WLTP stands for worldwide harmonised light vehicle test procedure.
WLTP was brought in to replace the New European Driving Cycle (NEDC) system to measure fuel consumption, CO2 emissions and pollutant emissions. The NEDC system has become outdated due to advances in technology and changing driving conditions.
NEDC was based on a theoretical driving profile whereas WLTP uses real-driving data, to give a more accurate driving profile, closer to the figures people will achieve on their daily drive. It was developed to become a streamlined global test cycle across different world regions.
The WLTP test is now divided into four parts at different average speeds; low, medium, high and extra high. Each part contains a variety of different driving phases including stops, accelerations and braking phases, which mimic day-to-day driving.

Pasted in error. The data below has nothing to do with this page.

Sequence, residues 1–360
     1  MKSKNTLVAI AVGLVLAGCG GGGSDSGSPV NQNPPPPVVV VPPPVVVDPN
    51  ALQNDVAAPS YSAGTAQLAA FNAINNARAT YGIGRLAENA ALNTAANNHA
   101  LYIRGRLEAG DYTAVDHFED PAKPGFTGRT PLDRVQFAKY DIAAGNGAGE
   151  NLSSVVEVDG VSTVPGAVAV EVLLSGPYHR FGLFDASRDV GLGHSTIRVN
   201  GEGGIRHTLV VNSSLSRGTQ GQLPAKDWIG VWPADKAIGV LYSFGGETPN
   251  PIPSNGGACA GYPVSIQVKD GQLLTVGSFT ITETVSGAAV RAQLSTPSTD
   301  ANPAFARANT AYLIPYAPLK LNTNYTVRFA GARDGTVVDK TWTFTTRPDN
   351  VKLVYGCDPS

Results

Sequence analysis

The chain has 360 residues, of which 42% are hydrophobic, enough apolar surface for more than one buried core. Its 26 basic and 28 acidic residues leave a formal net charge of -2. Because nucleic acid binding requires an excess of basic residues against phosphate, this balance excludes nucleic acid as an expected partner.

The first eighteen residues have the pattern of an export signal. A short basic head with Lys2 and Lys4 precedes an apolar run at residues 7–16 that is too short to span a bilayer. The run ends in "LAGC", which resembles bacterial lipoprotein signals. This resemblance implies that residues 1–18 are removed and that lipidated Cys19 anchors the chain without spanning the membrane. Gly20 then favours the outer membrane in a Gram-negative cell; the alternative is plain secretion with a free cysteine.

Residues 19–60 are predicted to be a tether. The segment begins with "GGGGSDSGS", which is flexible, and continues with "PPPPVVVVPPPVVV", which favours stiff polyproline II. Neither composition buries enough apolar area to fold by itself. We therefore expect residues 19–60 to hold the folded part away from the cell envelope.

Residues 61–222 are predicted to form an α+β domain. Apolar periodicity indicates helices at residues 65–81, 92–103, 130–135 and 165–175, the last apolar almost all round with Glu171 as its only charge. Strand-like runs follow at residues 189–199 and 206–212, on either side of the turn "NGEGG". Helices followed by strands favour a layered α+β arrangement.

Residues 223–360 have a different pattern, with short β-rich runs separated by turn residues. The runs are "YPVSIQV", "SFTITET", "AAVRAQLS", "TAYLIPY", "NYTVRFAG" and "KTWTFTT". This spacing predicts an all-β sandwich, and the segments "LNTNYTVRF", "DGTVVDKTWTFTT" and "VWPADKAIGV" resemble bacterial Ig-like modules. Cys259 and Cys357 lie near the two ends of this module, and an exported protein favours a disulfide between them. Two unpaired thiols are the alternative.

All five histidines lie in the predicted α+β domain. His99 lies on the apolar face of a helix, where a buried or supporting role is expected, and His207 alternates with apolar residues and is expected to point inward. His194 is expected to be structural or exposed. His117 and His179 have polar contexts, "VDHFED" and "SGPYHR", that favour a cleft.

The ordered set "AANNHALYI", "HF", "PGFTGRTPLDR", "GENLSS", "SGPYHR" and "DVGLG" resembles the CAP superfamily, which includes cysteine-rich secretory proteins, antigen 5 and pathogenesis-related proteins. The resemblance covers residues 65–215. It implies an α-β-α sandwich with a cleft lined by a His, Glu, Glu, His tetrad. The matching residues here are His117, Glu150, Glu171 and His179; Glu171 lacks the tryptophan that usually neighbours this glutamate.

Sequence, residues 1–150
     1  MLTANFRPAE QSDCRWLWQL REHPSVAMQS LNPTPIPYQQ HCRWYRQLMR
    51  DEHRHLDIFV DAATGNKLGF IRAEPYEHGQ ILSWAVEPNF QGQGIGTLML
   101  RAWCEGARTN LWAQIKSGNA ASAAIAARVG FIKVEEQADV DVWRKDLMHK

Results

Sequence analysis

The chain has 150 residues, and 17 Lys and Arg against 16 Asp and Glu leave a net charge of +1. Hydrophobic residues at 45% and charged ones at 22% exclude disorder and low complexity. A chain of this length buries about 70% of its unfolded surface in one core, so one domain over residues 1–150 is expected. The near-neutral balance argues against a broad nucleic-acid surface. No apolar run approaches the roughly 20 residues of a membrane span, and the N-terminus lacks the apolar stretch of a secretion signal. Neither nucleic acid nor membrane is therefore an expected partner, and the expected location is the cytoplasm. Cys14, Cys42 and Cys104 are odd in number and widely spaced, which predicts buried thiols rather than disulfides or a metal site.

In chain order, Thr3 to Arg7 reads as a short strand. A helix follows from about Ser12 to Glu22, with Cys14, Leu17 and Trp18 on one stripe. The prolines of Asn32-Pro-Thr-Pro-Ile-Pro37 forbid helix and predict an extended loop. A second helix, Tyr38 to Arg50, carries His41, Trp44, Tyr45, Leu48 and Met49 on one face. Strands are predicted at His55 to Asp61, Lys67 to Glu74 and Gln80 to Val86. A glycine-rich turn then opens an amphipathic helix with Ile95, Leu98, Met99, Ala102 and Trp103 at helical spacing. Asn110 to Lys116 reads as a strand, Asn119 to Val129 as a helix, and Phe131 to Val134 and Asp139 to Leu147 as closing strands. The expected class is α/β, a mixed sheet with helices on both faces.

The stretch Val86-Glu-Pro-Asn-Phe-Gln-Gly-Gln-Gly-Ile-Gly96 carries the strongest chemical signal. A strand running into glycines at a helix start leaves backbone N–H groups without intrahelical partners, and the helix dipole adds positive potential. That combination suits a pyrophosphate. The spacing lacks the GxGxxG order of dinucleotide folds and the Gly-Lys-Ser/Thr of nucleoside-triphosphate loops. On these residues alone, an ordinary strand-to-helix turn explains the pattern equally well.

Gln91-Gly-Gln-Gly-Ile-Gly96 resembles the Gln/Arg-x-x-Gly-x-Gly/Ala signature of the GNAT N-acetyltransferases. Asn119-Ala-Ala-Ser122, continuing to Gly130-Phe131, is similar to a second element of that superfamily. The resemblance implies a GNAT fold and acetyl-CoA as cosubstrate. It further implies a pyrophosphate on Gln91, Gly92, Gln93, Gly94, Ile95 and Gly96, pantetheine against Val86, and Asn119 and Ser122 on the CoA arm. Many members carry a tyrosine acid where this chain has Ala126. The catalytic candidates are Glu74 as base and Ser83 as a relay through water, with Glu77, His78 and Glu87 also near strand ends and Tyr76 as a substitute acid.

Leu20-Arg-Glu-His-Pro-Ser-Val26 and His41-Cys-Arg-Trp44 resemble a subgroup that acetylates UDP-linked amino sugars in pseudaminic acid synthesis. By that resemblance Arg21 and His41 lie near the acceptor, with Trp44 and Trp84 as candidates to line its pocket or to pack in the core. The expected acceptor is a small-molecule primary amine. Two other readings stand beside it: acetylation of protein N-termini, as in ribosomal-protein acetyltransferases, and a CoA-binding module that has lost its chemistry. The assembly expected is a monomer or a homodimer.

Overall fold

As some cars are available in different versions and with different powertrains, they may be tested with WLTP for the cars lightest and heaviest versions.
WLTP is already in force, having officially been applied to new car models since September 2017 and all-new car registrations since September 2018.
Unsold new vehicles approved under the old test, can still be sold under the NEDC system until September 2019. During this transition period, some cars may show a dual rating.
While going into 2020, the European Commission will convert today’s NEDC-based CO2 emission targets to specific WLTP CO2 targets of comparable stringency.
The changes to the WLTP ratings will have a limited effect on consumers. The fuel consumption of a car will appear differently, as it will show the mpg capabilities for each of the different parts of the test.
WLTP tax changes
Cars under WLTP tests are likely to produce higher CO2 emissions due to the more rigorous procedures and lengthier test, however, this will not alter the amount of tax you currently pay. But bear in mind, this could change when the government reassess tax bands in April 2020.
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